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Young Adult

We often continue seeing older teens, up through college, before they chose an internist. While we encourage young adults to find the right doctor for their next stage of life, we do care for our patients up through age 20.

Sleep

Don’t skimp on rest! Too little sleep can cause some serious problems, like:

  • You may be more likely to catch colds and other minor illnesses. Your body cannot fight off germs as well when you are tired and run-down.
  • You are more likely to feel stressed or become depressed.
  • You may have a hard time staying awake in class or at work.
  • You may have trouble concentrating.

So, be sure to get about 8 to 9 hours of sleep a night whenever you can.

Eating

Vending machine food or fast-food may be quick and cheap when you are busy and on a budget but eating well is important. Try to remember to:

  • Eat fruits and vegetables every day (your goal should be 5 a day).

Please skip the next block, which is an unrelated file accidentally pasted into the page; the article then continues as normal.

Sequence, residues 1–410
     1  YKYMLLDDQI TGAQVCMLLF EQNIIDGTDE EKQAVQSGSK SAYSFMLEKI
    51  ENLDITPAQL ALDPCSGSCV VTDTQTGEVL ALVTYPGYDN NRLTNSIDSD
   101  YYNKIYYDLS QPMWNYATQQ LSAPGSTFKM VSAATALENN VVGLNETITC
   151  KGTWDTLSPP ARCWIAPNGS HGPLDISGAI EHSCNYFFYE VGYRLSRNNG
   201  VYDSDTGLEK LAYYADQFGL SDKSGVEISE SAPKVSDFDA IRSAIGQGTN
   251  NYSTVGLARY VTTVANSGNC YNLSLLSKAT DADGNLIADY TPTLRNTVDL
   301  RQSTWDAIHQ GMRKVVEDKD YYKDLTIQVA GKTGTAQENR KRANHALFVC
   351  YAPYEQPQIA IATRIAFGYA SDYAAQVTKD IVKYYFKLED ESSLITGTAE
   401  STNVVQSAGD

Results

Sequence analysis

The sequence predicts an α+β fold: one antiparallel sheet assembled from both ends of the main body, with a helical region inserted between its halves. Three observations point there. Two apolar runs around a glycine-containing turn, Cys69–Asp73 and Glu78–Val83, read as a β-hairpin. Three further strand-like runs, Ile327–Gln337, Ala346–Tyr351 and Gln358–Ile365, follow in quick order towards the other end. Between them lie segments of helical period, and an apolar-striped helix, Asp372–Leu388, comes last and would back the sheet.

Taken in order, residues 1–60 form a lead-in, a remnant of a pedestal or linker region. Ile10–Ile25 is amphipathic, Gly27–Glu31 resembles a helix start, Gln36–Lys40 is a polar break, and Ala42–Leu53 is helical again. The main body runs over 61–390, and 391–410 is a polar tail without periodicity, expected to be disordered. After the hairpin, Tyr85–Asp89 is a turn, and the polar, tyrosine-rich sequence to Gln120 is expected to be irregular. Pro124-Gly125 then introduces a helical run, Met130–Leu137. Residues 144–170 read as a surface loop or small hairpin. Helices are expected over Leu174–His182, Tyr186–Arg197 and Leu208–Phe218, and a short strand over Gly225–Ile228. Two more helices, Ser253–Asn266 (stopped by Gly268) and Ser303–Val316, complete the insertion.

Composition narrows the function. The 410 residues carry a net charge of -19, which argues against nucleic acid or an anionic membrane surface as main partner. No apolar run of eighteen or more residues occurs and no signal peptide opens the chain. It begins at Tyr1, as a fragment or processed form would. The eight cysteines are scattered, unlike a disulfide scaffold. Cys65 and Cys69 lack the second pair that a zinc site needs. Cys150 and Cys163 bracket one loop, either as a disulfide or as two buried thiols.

• Eat lean meats, fish, and poultry.
  • Eat foods high in calcium, like low-fat dairy products.
  • Limit junk food or foods with a lot of fat, sugar, and salt.
  • Limit sugary drinks such as pop, juice, sweetened teas or coffees, and sport drinks.

It is possible to eat a healthy vegetarian diet at college. However, this may require some additional planning to make sure you get all the nutrients you need.

Exercise

An important part of staying healthy is getting enough exercise. There are 3 basic types of exercise, and ideally everyone should do all 3.

  • Aerobic exercise strengthens your heart and lungs. These are activities like biking, running, fast walking, swimming, active dancing, and rowing.
  • Strengthening exercise tones and builds muscles and bone mass. You can do this by doing sit-ups, push-ups, and leg lifts, or by working out with weights or resistance bands.
  • Stretching exercise, like yoga, improves your flexibility or range of motion.

Don’t have time to work out? There are many ways to sneak exercise into your day. Like instead of driving or taking the bus to class, try walking or riding a bike. If you are not used to exercising or if you have a chronic health problem, talk with your pediatrician or the student health service before starting an exercise program.